Despite the benefits of treatment by a subspecialist, more than 50% of patients with ovarian cancer are never seen by a gynecologic oncologist.19 The American Congress of Obstetricians and Gynecologists in conjunction with the Society of Gynecologic Oncologists has developed guidelines for referral of patients with pelvic masses to a gynecologic oncologist.7
Patients with adnexal masses can be divided into 3 categories: low risk, intermediate risk, and high risk of malignancy.23 The likelihood of malignancy depends on a variety of clinical, genetic, and epidemiologic factors, as outlined earlier in this article. The risk of malignancy is used to decide whether surgery is warranted.
In women with low-risk adnexal masses, defined as those associated with a <1% risk of malignancy, tests with low specificity, such as CA-125, should be avoided. These masses are generally asymptomatic. One example of a low-risk adnexal mass is a simple ovarian cyst. Although no conclusive follow-up protocol has been identified, the general recommendation is sonography at 3- to 6-month intervals.23
Intermediate-risk adnexal masses pose a risk of malignancy of greater than 1%. The majority of these masses are benign; examples include endometriomas, hemorrhagic cysts, hydrosalpinges, and other benign ovarian neoplasms. When surgical intervention is considered, the morbidity associated with surgery must be weighed against delay in diagnosis of a potential malignancy. The theoretical benefits to surgery that might help the physician and patient come to a decision include prevention of torsion and cyst rupture.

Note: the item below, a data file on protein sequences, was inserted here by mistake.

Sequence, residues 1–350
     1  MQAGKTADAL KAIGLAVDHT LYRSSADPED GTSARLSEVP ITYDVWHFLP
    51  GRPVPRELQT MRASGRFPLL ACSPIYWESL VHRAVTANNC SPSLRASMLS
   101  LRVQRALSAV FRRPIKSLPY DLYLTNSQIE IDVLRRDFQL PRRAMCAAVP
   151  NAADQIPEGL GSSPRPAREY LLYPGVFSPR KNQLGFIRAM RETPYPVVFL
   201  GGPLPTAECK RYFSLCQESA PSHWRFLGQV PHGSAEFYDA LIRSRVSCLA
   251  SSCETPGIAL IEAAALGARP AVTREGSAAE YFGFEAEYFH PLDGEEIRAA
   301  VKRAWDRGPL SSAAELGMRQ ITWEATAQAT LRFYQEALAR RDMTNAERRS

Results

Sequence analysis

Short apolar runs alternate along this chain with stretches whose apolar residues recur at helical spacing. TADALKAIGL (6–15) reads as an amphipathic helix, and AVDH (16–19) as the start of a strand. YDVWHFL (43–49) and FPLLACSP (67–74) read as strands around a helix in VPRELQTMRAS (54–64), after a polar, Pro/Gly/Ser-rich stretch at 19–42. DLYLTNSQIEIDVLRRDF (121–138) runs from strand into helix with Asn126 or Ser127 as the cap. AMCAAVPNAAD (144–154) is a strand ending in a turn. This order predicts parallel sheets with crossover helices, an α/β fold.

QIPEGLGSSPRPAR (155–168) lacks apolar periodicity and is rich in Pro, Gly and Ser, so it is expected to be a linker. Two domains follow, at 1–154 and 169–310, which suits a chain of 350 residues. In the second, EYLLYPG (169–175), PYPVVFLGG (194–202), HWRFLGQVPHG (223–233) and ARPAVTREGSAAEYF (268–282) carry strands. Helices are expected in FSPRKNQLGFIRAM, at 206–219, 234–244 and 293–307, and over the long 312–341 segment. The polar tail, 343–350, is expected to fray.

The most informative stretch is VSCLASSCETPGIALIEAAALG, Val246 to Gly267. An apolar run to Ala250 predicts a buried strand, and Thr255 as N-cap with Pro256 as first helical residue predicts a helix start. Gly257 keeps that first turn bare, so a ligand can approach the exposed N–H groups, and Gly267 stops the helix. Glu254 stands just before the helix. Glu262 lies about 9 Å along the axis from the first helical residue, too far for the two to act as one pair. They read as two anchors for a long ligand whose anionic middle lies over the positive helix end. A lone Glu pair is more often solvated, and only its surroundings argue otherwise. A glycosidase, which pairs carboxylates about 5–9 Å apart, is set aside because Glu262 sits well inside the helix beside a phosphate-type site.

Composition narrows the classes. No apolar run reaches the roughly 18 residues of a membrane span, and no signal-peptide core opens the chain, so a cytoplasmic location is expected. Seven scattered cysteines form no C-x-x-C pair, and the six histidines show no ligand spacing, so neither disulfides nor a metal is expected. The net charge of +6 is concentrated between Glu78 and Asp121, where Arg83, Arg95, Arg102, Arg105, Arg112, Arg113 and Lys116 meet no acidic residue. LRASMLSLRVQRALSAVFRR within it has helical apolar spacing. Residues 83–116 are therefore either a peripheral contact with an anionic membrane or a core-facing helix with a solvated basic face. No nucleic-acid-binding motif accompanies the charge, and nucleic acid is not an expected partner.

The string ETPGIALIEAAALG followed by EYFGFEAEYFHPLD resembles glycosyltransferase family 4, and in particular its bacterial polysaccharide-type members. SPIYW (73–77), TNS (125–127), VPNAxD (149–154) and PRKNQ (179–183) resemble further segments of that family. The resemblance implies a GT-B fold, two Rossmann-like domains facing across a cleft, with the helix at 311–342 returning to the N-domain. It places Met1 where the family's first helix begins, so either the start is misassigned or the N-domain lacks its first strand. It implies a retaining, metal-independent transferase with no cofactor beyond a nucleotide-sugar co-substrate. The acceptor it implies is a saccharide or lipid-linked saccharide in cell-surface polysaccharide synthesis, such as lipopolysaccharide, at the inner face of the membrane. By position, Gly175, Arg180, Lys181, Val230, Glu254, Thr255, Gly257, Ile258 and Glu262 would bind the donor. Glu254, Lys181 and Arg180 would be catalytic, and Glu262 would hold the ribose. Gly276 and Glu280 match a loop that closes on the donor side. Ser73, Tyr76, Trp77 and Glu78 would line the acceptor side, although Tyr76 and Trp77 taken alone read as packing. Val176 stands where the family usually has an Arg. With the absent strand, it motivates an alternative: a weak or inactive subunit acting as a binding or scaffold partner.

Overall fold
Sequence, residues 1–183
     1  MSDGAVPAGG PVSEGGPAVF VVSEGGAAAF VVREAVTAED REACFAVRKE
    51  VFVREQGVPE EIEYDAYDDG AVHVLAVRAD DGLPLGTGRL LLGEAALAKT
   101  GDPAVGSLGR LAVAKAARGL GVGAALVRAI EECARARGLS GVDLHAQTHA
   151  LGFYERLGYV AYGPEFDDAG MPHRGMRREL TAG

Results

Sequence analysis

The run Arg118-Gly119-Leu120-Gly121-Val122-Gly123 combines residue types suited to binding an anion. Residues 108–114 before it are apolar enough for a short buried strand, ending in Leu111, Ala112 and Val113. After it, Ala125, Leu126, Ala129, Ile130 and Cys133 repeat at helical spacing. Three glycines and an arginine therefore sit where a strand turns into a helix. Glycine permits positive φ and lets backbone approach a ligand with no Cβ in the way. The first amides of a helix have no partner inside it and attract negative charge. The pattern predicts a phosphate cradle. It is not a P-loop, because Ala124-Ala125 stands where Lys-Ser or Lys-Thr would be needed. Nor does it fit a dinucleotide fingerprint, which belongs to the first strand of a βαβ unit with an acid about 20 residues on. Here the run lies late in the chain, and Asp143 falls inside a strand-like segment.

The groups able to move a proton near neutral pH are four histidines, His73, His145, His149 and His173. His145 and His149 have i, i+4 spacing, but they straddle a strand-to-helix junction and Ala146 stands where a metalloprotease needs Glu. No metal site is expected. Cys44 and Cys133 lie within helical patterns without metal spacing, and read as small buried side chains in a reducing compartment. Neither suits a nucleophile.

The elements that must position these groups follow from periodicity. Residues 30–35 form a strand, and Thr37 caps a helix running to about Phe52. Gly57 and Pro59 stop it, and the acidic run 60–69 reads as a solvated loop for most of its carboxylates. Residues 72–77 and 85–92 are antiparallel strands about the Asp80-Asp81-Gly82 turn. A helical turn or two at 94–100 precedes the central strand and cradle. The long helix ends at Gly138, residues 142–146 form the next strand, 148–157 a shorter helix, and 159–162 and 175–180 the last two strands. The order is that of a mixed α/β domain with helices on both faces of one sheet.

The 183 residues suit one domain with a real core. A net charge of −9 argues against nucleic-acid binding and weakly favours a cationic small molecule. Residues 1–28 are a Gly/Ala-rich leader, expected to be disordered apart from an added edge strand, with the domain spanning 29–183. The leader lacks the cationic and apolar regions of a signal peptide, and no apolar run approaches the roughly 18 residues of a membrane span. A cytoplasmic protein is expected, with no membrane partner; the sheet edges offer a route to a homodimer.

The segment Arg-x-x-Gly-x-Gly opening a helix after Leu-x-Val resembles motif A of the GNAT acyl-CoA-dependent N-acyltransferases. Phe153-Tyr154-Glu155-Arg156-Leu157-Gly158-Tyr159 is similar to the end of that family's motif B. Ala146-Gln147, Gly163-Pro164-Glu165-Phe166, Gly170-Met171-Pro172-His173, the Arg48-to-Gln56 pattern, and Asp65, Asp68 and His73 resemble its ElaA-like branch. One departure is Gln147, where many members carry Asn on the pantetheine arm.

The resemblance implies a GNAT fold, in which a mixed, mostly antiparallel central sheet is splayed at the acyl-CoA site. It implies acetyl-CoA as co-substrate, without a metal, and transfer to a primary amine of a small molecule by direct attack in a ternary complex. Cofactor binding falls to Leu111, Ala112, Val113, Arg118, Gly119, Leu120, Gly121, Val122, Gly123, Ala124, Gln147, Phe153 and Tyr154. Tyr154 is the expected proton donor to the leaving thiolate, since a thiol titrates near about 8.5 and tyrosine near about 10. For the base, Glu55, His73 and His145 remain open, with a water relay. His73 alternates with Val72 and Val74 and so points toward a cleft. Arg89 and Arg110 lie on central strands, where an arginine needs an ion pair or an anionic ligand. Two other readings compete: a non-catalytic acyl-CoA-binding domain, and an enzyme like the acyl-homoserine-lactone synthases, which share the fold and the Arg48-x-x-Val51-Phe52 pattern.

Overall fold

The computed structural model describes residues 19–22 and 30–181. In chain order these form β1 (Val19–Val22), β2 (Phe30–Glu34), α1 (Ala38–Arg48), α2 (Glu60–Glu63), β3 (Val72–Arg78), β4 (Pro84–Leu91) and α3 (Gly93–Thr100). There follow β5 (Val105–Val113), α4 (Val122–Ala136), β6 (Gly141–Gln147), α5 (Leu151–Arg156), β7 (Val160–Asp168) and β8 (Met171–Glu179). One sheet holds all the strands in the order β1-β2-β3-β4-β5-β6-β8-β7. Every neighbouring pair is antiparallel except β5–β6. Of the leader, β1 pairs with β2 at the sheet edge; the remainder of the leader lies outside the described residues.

High-risk adnexal masses always require surgical intervention because findings are highly suggestive of malignancy.23 If the primary surgery is not performed by a gynecologic oncologist, a second operation for inadequate staging or cytoreduction may be necessary, increasing potential morbidity and delaying adjuvant therapy.
Once the needs for surgery has been determined, the surgical approach to a pelvic mass must be addressed. Laparotomy with vertical midline incision is recommended for any patient with an obvious malignancy, and complete staging should be performed. Optimal cytoreduction of residual disease has shown survival benefit in women with advanced-stage ovarian cancer. In high-volume cancer centers with experienced surgeons, upper abdominal debulking procedures-including diaphragm stripping, splenectomy, distal pancreatectomy, liver wedge resection, excision of porta hepatis tumor, and cholecystectomy-significantly increase the rate of optimal cytoreduction.24